The US Drug Enforcement Agency (DEA) confirmed in its annual National Drug Threat Assessment that abuse of controlled prescription drugs was more common in 2015 than that of cocaine, methamphetamine, heroin, MDMA, and PCP combined. The assessment reveals misuse of prescription drugs is now an epidemic: drug-poisoning deaths outnumber deaths by firearms, motor vehicle crashes, suicide, and homicide, killing 129 people every day in the US.1
Demand for highly addictive controlled substances continues to place pressure on health system pharmacies to heighten security measures aimed at avoiding drug diversion. The cost of this pervasive issue is difficult to quantify given the effects on operations, employee and patient safety, and our communities’ well-being. Nevertheless, pharmacy must expand its knowledge of controlled substance regulations, stay abreast of new technologies and services, and create a proactive strategy for managing drug diversion.
A Formerly Taboo Topic
Many health systems have been reluctant to address this subject both because of the regulatory complexity and the fear of exposing systemic vulnerabilities. But increasing regulation, costs, and societal implications leave pharmacy leadership with no choice but to take action. Industry professionals and associations are now addressing the issues surrounding drug diversion and offering guidance on how to implement formal procedures that help decrease employee diversion.
Certainly, controlled substance regulation is confusing, with regulations issued by different agencies. The policies guiding management of controlled substances, for example, fall under the DEA’s purview, while the EPA enforces proper disposal. In a survey of pharmaceutical waste management practices published by Pharmacy Purchasing & Products in 2014, hospital pharmacy directors cited the complexity of regulations as their number one concern.2
At Indiana University Health North in Carmel, Indiana, pharmacy made the case for launching a proactive controlled substance disposal management program to our executive team. While managing controlled substances as a separate and formal waste stream is new for many hospitals, and one that we believe eventually will be mandated, our hospital is committed to being ahead of the regulatory curve by installing a formal disposal system. Our goal was to create multiple layers of accountability and implement sustainable practices that would benefit the environment while also preventing diversion.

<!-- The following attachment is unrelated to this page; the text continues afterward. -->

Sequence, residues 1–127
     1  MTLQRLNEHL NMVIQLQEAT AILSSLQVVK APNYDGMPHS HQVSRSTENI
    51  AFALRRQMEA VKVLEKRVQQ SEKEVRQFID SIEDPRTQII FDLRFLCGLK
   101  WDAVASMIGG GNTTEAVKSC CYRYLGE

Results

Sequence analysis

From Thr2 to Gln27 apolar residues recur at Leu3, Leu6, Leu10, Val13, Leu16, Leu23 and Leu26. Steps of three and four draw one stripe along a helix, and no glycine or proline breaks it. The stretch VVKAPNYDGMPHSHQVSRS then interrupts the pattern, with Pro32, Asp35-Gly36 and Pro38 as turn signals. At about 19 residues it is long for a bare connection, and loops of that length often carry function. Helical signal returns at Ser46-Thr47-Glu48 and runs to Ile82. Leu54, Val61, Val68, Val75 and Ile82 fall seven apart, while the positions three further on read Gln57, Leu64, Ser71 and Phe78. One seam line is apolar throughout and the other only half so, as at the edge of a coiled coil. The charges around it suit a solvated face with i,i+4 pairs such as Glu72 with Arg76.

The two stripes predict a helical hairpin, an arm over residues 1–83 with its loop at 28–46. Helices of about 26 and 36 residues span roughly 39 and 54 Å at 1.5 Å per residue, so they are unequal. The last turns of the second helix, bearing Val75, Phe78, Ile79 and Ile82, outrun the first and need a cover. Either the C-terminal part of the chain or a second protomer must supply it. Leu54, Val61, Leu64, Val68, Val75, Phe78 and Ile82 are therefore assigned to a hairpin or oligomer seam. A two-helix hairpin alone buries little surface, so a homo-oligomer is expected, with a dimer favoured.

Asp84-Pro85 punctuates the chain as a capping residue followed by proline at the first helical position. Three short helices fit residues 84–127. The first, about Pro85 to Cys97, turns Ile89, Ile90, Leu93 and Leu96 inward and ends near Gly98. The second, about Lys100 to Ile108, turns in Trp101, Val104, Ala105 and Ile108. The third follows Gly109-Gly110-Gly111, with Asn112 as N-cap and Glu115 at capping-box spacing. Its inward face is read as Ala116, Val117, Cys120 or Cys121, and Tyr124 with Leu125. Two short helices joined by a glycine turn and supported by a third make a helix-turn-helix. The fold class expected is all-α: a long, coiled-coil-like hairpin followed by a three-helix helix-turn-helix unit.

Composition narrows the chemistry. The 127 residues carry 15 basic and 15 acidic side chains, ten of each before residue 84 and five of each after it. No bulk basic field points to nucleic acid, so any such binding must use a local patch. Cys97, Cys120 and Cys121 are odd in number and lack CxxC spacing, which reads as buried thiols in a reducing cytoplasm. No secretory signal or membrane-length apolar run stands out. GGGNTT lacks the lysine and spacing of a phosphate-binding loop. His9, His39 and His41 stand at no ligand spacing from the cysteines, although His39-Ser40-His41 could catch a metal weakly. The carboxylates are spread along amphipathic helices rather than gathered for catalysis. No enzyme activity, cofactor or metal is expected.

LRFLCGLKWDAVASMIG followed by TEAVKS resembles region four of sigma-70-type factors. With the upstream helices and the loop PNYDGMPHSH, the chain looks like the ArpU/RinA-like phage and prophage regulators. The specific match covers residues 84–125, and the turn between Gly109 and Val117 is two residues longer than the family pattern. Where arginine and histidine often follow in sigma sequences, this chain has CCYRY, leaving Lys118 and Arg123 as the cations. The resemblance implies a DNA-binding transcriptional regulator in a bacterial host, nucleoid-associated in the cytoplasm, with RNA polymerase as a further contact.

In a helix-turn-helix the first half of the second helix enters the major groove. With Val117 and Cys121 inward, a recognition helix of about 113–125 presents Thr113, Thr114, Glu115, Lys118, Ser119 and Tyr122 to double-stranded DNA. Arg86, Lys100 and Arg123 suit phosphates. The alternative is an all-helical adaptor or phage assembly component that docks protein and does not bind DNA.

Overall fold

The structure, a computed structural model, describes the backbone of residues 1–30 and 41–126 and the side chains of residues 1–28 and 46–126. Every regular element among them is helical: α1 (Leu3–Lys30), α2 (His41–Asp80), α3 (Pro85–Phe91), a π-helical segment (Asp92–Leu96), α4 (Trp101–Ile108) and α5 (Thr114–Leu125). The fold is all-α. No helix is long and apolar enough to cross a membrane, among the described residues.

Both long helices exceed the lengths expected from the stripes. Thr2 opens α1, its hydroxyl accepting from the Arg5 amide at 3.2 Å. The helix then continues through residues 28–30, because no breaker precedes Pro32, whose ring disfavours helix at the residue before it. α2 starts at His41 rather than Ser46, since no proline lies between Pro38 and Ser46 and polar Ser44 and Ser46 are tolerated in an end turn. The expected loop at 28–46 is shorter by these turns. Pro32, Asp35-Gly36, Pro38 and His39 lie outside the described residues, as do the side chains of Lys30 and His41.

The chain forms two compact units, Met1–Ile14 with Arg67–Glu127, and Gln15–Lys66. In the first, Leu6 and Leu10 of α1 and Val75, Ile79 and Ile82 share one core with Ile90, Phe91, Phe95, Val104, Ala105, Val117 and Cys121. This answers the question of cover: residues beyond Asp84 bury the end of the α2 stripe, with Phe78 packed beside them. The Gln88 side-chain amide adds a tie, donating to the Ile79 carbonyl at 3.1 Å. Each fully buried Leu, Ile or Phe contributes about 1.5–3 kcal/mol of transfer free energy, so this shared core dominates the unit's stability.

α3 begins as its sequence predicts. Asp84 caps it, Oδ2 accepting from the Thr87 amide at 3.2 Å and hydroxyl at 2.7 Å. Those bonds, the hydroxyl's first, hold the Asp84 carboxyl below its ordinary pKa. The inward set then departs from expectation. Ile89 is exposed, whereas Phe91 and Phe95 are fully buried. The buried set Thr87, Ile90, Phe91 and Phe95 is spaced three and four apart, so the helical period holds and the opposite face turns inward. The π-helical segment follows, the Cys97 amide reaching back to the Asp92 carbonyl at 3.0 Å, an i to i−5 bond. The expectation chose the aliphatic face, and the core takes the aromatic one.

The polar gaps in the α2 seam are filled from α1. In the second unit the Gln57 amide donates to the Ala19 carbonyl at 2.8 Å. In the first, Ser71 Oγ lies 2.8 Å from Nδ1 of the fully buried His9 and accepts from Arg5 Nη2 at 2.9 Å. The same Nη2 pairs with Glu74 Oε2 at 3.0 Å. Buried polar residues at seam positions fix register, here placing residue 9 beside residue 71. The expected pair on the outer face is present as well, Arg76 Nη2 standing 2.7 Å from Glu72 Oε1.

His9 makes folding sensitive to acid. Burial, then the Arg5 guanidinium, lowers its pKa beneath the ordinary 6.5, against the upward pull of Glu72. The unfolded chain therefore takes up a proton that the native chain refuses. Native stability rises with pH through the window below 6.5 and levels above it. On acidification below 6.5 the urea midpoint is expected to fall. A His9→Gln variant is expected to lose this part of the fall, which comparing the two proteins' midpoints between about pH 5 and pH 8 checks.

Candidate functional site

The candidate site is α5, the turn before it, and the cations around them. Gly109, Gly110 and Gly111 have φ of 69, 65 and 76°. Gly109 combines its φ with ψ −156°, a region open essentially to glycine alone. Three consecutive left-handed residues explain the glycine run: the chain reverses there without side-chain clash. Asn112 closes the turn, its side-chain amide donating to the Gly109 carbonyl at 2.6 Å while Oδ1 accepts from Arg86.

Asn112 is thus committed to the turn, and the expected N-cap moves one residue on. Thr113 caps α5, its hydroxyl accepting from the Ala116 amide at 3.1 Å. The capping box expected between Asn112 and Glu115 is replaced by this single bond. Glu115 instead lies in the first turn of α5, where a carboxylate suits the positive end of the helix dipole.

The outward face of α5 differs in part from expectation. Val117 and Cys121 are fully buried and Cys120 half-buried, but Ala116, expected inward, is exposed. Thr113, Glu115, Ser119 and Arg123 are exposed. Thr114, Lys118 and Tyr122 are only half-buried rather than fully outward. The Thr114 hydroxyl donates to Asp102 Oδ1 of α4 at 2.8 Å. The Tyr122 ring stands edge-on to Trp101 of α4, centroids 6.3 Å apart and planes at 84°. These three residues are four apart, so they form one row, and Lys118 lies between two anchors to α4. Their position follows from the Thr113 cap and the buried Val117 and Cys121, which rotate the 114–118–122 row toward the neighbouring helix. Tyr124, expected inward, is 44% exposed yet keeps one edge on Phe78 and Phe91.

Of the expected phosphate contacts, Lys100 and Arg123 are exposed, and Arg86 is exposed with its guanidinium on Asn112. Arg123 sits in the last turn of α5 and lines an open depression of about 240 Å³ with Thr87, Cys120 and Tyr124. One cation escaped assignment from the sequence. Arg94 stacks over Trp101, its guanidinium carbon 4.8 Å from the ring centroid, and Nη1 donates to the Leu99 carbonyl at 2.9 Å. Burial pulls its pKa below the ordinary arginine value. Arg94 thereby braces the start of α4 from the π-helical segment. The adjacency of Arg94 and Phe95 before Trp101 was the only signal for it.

Utilizing a Disposal System to Minimize Diversion Risk
After making our case by emphasizing the risks of inaction, the executive team supported our initiative and prioritized funding for appropriate disposal and diversion prevention. Our goal was to adopt a simple solution that would allow nurses to dispose of all wasted narcotics into one receptacle, regardless of dosage form (ie, tablets, injectables, etc). We preferred a container with a one-way cover for disposing of controlled substances while keeping out sharps. We chose a system that deactivates controlled substances, deters ingestion, and labels and secures controlled substance containers.
The benefit of adopting a simple system is that there was little-to-no education necessary; nurses quickly mastered the system without requiring any one-on-one training or inservices. It is important to note that as health systems consolidate, it is increasingly crucial to simplify and standardize processes across locations, allowing employees who travel between facilities to apply similar approaches to their practice.
Expanding the Diversion Team
The pharmacy department is an integral part of Indiana University Health North’s diversion program and conducts diversion audits. Our diversion team has grown beyond pharmacy and nursing to include staff from risk management, human resources, and security. Diversion risks are woven into every facet of health care operations; as such, the more departments involved, the better. We are currently forming a multidisciplinary proactive diversion team to look at education, standard operating procedures, and prevention strategies. While it is important to establish a team with breadth, it only makes sense that pharmacy—the resident medication experts—should lead these efforts.
Discrepancy Management Lessens Risk
In some cases, nurses may not remove the requested medication from the automated dispensing cabinet, or they may err in the quantity requested or access the wrong medication pocket. Discrepancy management, the practice of searching for anomalies—such as a system user removing a greater quantity than requested—is key to identifying potential diversion. For example, anesthesia waste at OR pharmacy satellites must be audited to match the quantity of controlled substances returned, the doctor-reported usage, and the amount recorded on the patient’s chart. Both nursing and pharmacy teams must be accountable for proper monitoring and discrepancy documentation.
Whether the issue is missing controlled substances or an impaired clinician, consistency in diversion detection, investigation, and resolution is critical. Our hospital is no longer focused on watching and waiting for an issue to occur; rather, it is imperative that we proactively address diversion risks. We are now preventing incidents as well as protecting our local water system thanks to staff awareness and a safe, secure controlled substance disposal program.
Janice M. Vadas, BS Pharm, RPh, is the inpatient pharmacy manager at Indiana University (IU) Health North Hospital. She is a graduate of Butler University and has been working with IU Health for 27 years. Janice’s professional interests include utilizing LEAN tools within the pharmacy environment.
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